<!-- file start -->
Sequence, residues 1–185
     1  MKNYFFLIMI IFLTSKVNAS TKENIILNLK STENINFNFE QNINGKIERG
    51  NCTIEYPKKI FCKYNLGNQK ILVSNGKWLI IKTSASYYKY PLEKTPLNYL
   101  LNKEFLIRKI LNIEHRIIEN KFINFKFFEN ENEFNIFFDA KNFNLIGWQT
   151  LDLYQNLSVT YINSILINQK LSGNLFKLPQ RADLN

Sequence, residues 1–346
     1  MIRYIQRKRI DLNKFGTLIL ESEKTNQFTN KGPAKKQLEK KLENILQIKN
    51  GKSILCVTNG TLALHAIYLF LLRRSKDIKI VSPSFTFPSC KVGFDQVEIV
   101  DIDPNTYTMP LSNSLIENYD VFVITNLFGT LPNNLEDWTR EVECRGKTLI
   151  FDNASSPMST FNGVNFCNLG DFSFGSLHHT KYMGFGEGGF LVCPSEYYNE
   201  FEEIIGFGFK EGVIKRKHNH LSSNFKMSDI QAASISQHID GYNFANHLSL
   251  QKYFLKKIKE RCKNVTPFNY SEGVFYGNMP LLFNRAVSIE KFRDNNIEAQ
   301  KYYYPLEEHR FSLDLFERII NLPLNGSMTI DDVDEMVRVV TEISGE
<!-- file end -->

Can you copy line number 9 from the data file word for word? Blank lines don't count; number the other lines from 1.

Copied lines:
   101  DIDPNTYTMP LSNSLIENYD VFVITNLFGT LPNNLEDWTR EVECRGKTLI